Recently, images and details of a 2013 Mahindra XUV500 W8 that met with an accident were published on a Team-BHP thread. These images showed a completely mangled XUV500 that had met with an accident in NCR. What’s startling is that in spite of the huge damage that the car has suffered, none of the six airbags present in the car could deploy. The distraught owner, Arvind, even clarified that no seat covers or bumper guards or accessories were installed in his car. Moreover, all the passengers were wearing a seat belt. He also added that his son, who was driving the car, had suffered severe brain injuries in the accident. Like we said, these images of the totalled XUV500 have been doing rounds online. Most were surprised that the airbags did not deploy, despite none of the usual factors that prevent deployment of airbags were present in this case. The owner of the Mahindra XUV500, and most commenters on the forum, have been demanding a third-party investigation of the … [Read more...] about XUV500 airbags do not open in crash; Mahindra responds
Earlier this year two remarkable things happened, things that the automotive world could not have predicted a scant five years ago. First, Buick fielded a station wagon for the first time since the departure of the Roadmaster from the lineup in 1996. And second, Buick, uncomfortable with calling it a station wagon for marketing purposes (inviting images of faux wood-sided galleons from the 1980s, Eggo waffle commercials, and wood-paneled Betamax VCRs), decided to brand the TourX as a crossover."Regal TourX is a crossover in the truest sense of the word, with the drive dynamics of a car and the versatility of an SUV," Duncan Aldred, vice president, global Buick and GMC said in a statement accompanying the TourX's debut.Okay; if that's Buick's story -- that's fine. It doesn't change the fact that it's a station wagon. 2018 Buick Regal TourX First Drive Review: Buick's riff on a Subaru theme Station wagons are making a comeback. Old-school wagons were abandoned in … [Read more...] about Autoweek Asks: What station wagon model needs to make a comeback?
This is not the story of a show car, BUT the story of a survivor. A car that defied the logic of time and trade-in to become, 46 years later, a classic.This is the story of Harriet.Actually, it is the story of two Harriets: the car and her namesake, the woman who owned her for 33 years. In 1970, Harriet went down to the Ford dealership where she picked out a canary-yellow Torino GT convertible. But after two weeks, she returned it. Something about the Cleveland 351 four-barrel with 300 hp being a little too lively for her tastes. The dealer was more than happy to trade it for one in pastel blue featuring a 302 two-barrel cranking out a more sedate 220 hp (140 in SAE net form). To Harriet, that was just perfect.That perfection gave Harriet staying power in Harriet’s garage. In a way, the malaise stasis of the ‘70s and the changing automotive landscape contributed to this car’s survival. No American convertibles after 1976 meant Harriet couldn’t find anything she … [Read more...] about Meet Harriet, a Ford Torino GT with impeccable timing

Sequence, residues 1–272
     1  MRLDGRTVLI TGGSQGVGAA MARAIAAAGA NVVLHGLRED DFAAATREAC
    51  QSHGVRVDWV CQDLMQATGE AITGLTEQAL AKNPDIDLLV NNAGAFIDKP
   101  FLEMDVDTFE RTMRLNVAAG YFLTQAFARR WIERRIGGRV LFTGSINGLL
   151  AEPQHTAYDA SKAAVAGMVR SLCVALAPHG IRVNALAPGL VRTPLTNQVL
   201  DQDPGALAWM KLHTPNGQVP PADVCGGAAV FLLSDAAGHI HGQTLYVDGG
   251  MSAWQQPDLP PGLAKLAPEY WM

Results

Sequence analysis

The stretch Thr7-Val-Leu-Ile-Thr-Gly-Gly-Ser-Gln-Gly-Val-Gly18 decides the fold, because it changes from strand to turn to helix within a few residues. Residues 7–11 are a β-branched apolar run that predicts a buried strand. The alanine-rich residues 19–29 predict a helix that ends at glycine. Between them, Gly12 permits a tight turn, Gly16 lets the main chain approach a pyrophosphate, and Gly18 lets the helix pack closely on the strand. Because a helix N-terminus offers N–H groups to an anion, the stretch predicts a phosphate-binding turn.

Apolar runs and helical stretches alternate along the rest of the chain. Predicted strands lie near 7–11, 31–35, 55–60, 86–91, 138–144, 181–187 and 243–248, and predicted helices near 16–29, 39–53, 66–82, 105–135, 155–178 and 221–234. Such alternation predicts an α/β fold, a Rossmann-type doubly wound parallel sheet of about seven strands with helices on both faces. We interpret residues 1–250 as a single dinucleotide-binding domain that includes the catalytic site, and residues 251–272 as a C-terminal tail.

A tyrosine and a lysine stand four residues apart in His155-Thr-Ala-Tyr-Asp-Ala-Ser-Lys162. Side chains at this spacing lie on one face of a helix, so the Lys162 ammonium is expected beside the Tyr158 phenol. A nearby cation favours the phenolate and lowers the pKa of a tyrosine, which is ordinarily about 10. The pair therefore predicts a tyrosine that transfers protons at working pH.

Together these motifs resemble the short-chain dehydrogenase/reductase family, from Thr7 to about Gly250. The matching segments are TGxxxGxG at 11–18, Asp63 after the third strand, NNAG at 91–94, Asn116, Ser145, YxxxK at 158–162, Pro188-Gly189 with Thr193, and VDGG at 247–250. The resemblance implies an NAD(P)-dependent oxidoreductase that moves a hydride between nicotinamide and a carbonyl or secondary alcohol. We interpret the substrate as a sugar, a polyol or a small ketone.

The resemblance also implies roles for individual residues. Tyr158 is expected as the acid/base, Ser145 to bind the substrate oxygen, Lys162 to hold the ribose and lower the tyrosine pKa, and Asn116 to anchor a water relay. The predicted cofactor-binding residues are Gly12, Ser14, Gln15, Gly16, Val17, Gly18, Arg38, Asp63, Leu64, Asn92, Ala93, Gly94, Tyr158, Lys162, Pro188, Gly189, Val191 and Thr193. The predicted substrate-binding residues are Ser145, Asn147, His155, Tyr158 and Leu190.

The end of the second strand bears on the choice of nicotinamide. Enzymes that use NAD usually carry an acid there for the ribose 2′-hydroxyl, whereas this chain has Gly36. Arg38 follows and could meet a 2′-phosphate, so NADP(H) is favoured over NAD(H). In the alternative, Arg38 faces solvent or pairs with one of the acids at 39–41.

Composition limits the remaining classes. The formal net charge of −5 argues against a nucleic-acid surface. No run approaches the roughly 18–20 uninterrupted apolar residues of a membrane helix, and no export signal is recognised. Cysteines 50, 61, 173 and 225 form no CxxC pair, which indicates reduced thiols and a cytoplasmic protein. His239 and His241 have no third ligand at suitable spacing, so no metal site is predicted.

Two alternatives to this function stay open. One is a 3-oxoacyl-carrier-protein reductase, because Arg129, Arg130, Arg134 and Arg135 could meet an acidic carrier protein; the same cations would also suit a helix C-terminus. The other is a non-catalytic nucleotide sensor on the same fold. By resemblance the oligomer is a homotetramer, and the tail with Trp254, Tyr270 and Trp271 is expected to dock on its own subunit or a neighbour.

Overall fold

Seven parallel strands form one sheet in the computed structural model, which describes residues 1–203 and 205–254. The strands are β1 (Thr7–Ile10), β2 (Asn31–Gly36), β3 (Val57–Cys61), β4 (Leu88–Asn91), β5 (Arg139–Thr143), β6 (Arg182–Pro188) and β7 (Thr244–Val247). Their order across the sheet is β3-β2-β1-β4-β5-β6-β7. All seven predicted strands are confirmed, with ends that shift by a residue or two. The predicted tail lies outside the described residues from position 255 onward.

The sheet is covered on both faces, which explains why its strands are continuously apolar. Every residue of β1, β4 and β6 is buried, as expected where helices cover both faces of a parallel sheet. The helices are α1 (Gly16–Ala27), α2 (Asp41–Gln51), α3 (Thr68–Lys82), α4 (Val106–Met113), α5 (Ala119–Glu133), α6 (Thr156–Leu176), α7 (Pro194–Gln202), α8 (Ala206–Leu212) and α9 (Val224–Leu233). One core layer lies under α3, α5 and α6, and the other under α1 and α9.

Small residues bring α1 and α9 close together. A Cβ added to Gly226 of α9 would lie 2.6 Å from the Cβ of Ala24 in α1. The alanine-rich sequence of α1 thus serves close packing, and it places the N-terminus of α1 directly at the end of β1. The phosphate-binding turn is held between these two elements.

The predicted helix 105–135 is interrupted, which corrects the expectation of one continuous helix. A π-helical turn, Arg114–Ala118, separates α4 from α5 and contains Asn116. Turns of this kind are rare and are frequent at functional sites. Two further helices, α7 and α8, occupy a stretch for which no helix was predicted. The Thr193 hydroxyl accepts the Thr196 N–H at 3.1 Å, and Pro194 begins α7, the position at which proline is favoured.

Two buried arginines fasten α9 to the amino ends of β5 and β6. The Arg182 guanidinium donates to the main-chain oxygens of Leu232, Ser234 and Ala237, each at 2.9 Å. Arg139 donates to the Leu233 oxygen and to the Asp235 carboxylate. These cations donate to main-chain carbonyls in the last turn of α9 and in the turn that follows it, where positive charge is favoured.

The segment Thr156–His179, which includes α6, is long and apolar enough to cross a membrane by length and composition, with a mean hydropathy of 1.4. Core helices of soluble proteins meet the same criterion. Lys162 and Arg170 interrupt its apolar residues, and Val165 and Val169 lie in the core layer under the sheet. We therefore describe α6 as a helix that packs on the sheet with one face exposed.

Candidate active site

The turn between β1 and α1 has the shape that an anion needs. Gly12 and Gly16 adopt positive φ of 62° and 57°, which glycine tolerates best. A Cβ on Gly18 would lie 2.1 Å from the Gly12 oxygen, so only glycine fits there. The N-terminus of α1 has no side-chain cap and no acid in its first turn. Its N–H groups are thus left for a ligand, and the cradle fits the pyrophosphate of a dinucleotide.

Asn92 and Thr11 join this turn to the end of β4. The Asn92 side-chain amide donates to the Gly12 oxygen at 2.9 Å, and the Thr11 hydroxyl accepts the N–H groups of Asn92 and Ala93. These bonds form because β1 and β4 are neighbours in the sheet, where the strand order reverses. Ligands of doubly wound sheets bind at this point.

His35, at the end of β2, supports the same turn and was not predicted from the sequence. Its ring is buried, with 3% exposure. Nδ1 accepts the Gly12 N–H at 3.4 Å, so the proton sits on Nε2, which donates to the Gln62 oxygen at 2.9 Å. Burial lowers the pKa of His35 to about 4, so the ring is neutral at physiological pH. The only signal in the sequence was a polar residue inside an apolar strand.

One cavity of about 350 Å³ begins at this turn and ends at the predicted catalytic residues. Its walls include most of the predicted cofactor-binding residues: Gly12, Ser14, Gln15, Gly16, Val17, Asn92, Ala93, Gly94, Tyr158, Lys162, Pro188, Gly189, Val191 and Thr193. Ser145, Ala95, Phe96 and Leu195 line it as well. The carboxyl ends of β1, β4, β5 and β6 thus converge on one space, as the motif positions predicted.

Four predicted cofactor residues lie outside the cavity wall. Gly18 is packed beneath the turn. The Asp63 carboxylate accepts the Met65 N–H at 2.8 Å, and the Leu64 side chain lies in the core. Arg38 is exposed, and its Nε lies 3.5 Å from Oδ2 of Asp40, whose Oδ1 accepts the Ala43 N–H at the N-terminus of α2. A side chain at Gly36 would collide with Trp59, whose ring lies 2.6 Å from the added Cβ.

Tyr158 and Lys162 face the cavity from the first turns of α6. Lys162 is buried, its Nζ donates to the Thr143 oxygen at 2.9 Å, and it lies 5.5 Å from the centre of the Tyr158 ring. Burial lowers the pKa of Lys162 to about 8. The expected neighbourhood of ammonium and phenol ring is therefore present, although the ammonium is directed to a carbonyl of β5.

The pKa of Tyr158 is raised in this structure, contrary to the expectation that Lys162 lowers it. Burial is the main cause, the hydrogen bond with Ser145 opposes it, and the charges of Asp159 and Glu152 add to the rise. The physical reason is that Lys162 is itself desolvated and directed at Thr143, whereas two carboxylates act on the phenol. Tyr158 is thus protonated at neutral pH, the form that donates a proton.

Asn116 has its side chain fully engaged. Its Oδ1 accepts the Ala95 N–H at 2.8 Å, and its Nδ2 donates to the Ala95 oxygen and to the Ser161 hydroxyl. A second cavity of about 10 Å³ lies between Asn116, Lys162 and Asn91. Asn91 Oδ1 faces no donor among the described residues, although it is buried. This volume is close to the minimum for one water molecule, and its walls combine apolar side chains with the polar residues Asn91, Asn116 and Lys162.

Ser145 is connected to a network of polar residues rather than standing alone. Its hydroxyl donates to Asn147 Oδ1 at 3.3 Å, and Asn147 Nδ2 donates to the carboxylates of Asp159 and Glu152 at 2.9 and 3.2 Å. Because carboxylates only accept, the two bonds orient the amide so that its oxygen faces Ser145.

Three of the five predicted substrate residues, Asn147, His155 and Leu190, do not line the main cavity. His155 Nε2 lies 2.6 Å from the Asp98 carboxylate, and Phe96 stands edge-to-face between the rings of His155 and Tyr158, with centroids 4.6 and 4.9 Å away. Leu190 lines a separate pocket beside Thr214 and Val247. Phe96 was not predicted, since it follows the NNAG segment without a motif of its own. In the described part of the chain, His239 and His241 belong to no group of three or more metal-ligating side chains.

Notably absent from the 2018 Olympic Games? Any event involving cars. That could change by the time the 2020 Tokyo games rolls around, and oddball events have made the cut in the past -- like polo, art (?) and in 1908, even motor boating -- but we’re not holding our breath. In the 1966 games, which we covered in the September 24, 1966 issue of Competition Press & Autoweek, husband and wife team Rich and Judy Sloma finished 1-2 with their pair of Corvettes. Not a bad showing for the Slomas! Graham Kozak - Graham Kozak drove a 1951 Packard 200 sedan in high school because he wanted something that would be easy to find in a parking lot. He thinks all the things they're doing with fuel injection and seatbelts these days are pretty nifty too. See more by this author» … [Read more...] about Throttle-Back Thursday: Light the ceremonial tire fire, it’s the Sports Car Olympics!
Once thermonuclear weapons made the scary transition from theory to reality in 1952, Americans realized that they had a scary chance of facing Soviet jet bombers armed with megaton-grade H-bombs, not just low-budget B-29 clones carrying quaint kiloton-sized fission weapons. This fear inspired to the creation of the CONELRAD system, which would broadcast emergency nuclear-attack alerts on two AM radio frequencies. By the 1953 model year, car radios sold in the United States had to be marked with the Civil Defense triangle logo at 640 and 1240 kHz. I created a big gallery of my photographs of CONELRAD-ready car radios a few years back, and now I have gathered a few more to share in today's gallery.Nearly all of these photographs were shot at the Forney Museum of Transportation in Denver, whose volunteers were kind enough to let me photograph car radios in the cars stored in their warehouse. If you're in Denver, make sure you stop in at the Forney, which has trains, aircraft, and … [Read more...] about Cold War car radios and the Stations of the Apocalypse